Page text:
Tax breaks for life's big events
Dealing with divorce
As with marriage, your filing status is determined on the last day of the tax year. If your divorce is final Dec. 31, then you are considered unmarried for the full year.
One of the stickiest divorce issues is child custody. The parent who has physical custody of the children for most of the year usually gets to claim them as dependents. That means that parent gets the exemption, child tax credit and child care tax credit savings.
One spouse typically is granted sole ownership of the family home. This could, however, pose a problem for the solo owner. When the lone ex sells the property, the amount of profit exempt from capital gains is just $250,000 versus the $500,000 that married filing jointly homeowners can exclude. Because of that, some couples sell the house before they divorce and split the tax-free profits.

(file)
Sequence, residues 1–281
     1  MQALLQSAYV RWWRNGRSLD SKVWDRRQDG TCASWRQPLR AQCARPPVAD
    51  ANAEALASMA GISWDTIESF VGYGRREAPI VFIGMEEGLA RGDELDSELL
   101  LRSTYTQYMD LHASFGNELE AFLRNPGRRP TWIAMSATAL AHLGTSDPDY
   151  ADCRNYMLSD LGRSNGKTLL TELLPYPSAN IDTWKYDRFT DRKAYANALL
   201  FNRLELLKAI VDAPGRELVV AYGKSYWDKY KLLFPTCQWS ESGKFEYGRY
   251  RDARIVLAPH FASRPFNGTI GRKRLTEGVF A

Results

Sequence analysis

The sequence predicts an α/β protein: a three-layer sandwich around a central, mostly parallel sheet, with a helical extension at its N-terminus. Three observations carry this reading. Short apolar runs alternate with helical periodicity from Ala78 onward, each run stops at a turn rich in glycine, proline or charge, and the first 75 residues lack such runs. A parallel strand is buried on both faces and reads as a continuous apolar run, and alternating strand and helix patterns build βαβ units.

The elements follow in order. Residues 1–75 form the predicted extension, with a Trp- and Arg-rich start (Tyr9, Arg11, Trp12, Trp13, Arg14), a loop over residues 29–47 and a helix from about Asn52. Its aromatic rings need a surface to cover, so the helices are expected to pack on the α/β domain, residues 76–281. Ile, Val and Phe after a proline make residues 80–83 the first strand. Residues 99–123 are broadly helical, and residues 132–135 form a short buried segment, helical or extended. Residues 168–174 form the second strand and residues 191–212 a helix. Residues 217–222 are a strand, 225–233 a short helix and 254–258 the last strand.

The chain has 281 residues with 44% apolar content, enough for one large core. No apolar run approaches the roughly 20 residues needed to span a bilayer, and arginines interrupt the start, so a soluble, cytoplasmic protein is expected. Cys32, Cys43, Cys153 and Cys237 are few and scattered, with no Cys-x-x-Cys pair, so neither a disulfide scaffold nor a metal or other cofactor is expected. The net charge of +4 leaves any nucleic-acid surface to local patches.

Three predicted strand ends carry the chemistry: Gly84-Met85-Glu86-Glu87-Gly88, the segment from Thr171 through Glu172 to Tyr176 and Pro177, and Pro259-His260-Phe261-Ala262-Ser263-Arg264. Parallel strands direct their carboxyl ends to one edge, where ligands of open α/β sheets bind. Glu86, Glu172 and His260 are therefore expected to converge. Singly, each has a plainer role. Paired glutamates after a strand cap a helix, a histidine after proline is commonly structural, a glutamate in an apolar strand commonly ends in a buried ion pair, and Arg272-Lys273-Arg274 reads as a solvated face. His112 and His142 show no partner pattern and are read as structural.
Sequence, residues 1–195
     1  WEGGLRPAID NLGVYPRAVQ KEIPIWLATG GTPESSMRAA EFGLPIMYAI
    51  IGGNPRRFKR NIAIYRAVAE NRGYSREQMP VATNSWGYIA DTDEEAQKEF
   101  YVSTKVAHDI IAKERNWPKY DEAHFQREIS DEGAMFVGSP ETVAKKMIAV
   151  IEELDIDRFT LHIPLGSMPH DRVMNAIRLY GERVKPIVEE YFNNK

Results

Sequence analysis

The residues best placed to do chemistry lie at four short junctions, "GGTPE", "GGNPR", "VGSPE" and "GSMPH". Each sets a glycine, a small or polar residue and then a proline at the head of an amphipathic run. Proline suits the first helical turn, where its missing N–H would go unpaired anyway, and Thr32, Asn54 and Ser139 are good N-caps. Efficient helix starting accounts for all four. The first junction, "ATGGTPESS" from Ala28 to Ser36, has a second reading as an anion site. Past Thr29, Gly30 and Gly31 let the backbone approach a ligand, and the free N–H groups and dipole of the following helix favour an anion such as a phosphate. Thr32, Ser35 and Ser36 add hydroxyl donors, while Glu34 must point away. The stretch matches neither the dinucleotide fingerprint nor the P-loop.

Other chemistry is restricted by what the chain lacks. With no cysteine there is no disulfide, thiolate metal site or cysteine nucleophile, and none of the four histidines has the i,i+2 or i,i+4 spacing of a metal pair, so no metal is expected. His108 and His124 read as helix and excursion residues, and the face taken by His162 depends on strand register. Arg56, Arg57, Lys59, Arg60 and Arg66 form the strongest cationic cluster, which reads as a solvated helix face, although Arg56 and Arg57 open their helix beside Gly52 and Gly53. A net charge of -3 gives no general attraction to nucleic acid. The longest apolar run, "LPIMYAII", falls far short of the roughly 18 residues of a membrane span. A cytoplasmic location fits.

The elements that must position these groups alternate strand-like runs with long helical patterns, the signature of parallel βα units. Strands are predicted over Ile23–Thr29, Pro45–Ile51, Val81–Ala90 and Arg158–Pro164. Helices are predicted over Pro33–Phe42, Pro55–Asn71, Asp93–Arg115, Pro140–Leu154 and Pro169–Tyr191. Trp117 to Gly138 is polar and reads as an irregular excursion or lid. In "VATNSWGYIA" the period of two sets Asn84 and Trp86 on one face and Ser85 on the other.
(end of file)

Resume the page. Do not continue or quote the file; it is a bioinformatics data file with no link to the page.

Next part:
Similarly, take into account the cash the recipient partner will net after taxes when dividing other marital assets.
And note that alimony has tax implications for both ex-spouses. It is taxable income to the recipient and can be deducted by the paying ex. Child support, however, offers no tax breaks to the paying ex, as it is not deductible. However, to the recipient it isn't taxable.